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Sources of environmental arsenic include smelters, electric power plants using arsenic-rich coal, and soil and water found in certain parts of the world.18

Human poisoning from the burning of CCA-impregnated wood has not been previously reported and represents the probable source of arsenic exposure in this family. Fowler18 warned in 1977 that the burning of CCA-treated wood should be studied as a potential health hazard. Our studies of the kitchen-living area were done in the summer and disclosed notable contamination with CCA-rich ash. In the winter months while the CCA-treated plywood was being burned, we would have anticipated even greater contamination. With the increased popularity of burning wood for household heating purposes, the environmental health hazard of burning CCA-treated wood needs recognition and evaluation. The role of chromium and copper in contributing to these health problems is conjectural. We would suggest that all three elements could be responsible for this kaleidoscopic clinical pattern.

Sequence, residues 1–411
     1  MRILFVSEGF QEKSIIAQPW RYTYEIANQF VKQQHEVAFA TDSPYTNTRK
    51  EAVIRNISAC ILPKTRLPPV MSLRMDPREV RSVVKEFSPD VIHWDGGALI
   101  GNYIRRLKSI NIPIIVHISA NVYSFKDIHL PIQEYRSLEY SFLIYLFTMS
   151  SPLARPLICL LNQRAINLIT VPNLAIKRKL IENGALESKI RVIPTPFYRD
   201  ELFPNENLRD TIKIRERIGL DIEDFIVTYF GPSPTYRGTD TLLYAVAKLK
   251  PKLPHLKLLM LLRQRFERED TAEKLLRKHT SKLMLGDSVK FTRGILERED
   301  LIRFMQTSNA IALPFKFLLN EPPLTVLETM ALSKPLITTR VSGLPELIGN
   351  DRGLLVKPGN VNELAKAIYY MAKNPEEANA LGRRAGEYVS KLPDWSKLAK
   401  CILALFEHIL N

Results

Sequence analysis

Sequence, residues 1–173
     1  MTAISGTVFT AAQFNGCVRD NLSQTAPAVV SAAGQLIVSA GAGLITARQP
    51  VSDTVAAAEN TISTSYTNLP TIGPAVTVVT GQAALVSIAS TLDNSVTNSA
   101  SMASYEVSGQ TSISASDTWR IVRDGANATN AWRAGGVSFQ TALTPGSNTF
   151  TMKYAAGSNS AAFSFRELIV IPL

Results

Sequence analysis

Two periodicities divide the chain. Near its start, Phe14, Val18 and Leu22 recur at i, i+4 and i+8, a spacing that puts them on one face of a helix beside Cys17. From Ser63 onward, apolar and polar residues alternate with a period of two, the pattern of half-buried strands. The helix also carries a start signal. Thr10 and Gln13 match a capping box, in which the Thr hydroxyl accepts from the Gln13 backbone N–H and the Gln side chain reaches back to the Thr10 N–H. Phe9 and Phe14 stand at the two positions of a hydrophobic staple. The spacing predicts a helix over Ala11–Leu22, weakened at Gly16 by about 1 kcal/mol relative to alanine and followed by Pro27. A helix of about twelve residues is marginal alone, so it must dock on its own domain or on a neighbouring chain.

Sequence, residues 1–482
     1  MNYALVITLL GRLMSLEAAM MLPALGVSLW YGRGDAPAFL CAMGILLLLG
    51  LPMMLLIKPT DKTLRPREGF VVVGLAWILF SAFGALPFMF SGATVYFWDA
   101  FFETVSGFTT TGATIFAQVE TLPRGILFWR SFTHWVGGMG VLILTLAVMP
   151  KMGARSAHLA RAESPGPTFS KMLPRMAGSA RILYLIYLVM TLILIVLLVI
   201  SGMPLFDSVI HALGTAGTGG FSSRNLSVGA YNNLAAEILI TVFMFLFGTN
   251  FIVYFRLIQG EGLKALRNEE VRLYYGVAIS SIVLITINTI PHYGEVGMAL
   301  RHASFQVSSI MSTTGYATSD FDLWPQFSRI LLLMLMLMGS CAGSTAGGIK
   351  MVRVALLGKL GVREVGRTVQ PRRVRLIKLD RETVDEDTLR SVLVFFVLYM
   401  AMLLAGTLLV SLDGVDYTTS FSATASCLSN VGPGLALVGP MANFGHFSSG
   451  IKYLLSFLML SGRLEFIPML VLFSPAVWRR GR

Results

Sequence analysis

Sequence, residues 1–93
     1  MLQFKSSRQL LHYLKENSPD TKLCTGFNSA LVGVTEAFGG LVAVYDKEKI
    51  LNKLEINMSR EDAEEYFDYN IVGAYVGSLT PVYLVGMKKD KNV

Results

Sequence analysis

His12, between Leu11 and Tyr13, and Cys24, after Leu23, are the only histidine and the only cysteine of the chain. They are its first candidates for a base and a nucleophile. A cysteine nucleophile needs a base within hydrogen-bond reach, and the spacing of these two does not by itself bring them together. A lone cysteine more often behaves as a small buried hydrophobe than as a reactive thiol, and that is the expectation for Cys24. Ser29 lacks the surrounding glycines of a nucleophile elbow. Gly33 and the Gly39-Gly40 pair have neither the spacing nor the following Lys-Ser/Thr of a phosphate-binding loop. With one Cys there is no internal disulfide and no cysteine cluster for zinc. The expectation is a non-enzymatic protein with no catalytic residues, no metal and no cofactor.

Joy Savides Felker provided advice and secretarial aid and Lee Sjouik, MS, contributed technical assistance.


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